June 6-12. 2014

By Dr. Robert Goldman & Dr. Ronald Klatz

Longevity News and Review provides readers with the latest information in breakthroughs pertaining to the extension of the healthy human lifespan.  These news summaries are compiled by the American Academy of Anti-Aging Medicine (A4M; www.worldhealth.net), a non-profit medical society composed of 24,000 physician and scientist members from 110 nations, united in a mission to advance biomedical technologies to detect, prevent, and treat aging related disease and to promote research into methods to retard and optimize the human aging process.   Dr. Ronald Klatz, M.D., D.O., A4M President, and Dr. Robert Goldman, M.D., Ph.D., D.O., FAASP, A4M Chairman, physician co-founders of the anti-aging medical movement, distill these headlines and provide their insightful commentary.

Confidence Counters Stress
A team from Concordia University (Canada) suggests that it is as important for older adults to maintain and improve upon those confidence levels as they enter their twilight years.   Sarah Y. Liu and colleagues met with 147 adults, ages 60 years and over, to measure their cortisol levels, self-esteem, stress, and symptoms of depression every 24 months over four years. Self-esteem was measured through standardized questions.  The study also took into account personal and health factors like economic status, whether the participant was married or single, and mortality risk.  The team revealed that maintaining or even improving self-esteem may help to buffer potential health threats typically associated with the transition into older adulthood.

Dr. Klatz observes: “Whereas a number of previous studies demonstrate the importance of boosting self-esteem in one’s adolescent years, Canadian researchers report that people who have a confident self-esteem tend to experience fewer health problems as they age.”

Exercise Stimulates Stem Cells
University of Utah (Utah, USA) researchers report that moderate exercise helps to regenerate muscle mass, in a lab animal model.  Typically, regeneration, maintenance and repair of adult skeletal muscle damage due to aging and/or chronic stress states require activation of satellite cells (stem cells). Rajasekaran Namakkal Soorappan and colleagues found that aged mice lacking Nrf2 that underwent two weeks of endurance exercise stress on treadmills showed poor stem cell regeneration, which is likely to hinder the recovery of lost muscle mass. Nrf2 is protein that regulates the production of antioxidants in the body.  In the group that couldn’t produce Nrf2, endurance exercise stress on the treadmills affected stem cell protein expression and limited skeletal muscle regenerative capacity. Commenting that: “Physical activity is the key to everything,” the lead investigator submits that: “we believe that moderate exercise could be one of the key ways to induce stem cells to regenerate especially during senescence.”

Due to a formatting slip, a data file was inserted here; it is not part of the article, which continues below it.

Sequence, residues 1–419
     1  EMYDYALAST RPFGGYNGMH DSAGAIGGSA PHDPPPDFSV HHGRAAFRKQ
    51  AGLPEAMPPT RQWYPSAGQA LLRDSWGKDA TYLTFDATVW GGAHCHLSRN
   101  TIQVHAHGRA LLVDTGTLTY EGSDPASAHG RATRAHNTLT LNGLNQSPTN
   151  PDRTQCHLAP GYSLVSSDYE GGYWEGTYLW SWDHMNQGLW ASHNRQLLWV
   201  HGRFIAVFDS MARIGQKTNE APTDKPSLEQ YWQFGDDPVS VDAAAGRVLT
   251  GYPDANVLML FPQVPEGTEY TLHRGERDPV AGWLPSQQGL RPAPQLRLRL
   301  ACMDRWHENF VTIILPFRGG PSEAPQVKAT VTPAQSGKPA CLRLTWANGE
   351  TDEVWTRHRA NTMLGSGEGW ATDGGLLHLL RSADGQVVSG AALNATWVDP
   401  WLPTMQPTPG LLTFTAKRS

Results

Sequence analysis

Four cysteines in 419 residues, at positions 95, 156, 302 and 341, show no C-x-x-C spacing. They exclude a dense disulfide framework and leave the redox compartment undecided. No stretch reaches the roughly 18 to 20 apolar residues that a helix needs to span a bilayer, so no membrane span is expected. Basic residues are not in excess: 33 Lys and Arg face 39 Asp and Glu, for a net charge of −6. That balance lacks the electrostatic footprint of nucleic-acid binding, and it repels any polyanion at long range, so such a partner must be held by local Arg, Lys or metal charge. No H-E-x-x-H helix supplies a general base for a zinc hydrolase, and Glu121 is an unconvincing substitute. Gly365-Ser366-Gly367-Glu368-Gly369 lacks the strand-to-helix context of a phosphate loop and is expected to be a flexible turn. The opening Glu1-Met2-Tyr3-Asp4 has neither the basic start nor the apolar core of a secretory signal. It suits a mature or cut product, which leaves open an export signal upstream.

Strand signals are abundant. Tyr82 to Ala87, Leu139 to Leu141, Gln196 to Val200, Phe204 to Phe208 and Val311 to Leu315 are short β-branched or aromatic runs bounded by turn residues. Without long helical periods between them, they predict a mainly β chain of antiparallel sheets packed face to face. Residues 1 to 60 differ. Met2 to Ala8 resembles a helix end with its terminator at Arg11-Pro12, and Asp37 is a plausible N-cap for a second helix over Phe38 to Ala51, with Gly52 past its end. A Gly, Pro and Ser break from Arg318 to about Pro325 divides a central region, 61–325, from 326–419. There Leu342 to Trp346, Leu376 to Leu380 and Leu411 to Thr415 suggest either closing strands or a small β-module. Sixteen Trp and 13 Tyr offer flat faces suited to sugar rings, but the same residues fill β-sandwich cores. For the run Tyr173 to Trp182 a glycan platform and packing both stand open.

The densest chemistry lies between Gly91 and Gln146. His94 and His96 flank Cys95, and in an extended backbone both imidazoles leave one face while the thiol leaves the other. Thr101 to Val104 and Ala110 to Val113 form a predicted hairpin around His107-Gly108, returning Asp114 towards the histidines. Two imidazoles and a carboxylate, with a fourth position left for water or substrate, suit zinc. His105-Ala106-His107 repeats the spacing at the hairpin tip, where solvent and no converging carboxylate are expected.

Remarks Dr. Goldman: “Vast evidence demonstrates the beneficial effects of physical activity on weight, heart health, and other key aspects of health and wellness.   This US team reports that moderate exercise helps to regenerate muscle mass, in a lab animal model.”

Almonds Aid Digestive Health
Zhibin Liu, from Fuzhou University (China), and colleagues enrolled 48 healthy men and women, ages 18 to 22 years, in a study in which the participants either: received 56 grams of roasted almonds added daily to their diet; added 10 grams of almond skins daily to their diet; or consumed 8 grams per day of fructooligosaccharides (control group).  After six weeks, the data revealed that the almonds and almond skins significantly increased Bifidobacterium spp. and Lactobacillus spp. populations. Among the almond skin group, the enhanced levels of “good bacteria” were sustained for two weeks after the intervention period concluded.  Among the roasted almonds group, the beneficial changes were not seen until week six.  The study authors conclude that: “Our observations suggest that almond and almond skin ingestion may lead to an improvement in the intestinal microbiota profile and a modification of the intestinal bacterial activities, which would induce the promotion of health beneficial factors and the inhibition of harmful factors. Thus we believe that almonds and almond skins possess potential prebiotic properties.”

Comments Dr. Klatz: “Prebiotics are compounds that help to promote “good bacteria” (probiotics) in the gastrointestinal tract, with which a wide variety of beneficial health effects are associated.  Rich in fiber and plant phytochemicals, almonds may help boost levels of ‘good bacteria’ in the gut.”

Anti-aging medicine is the fastest-growing medical specialty throughout the world and is founded on the application of advanced scientific and medical technologies for the early detection, prevention, treatment, and reversal of age-related dysfunction, disorders, and diseases.  It is a healthcare model promoting innovative science and research to prolong the healthy lifespan in humans.  As such, anti-aging medicine is based on solid scientific principles of responsible medical care that are consistent with those applied in other preventive health specialties.  The goal of anti-aging medicine is not to merely prolong the total years of an individual’s life, but to ensure that those years are enjoyed in a productive and vital fashion.  Visit the A4M’s World Health Network website, at www.worldhealth.net, to learn more about the A4M and its educational endeavors and to sign-up for your free subscription o Longevity Magazine™ e-Journal.

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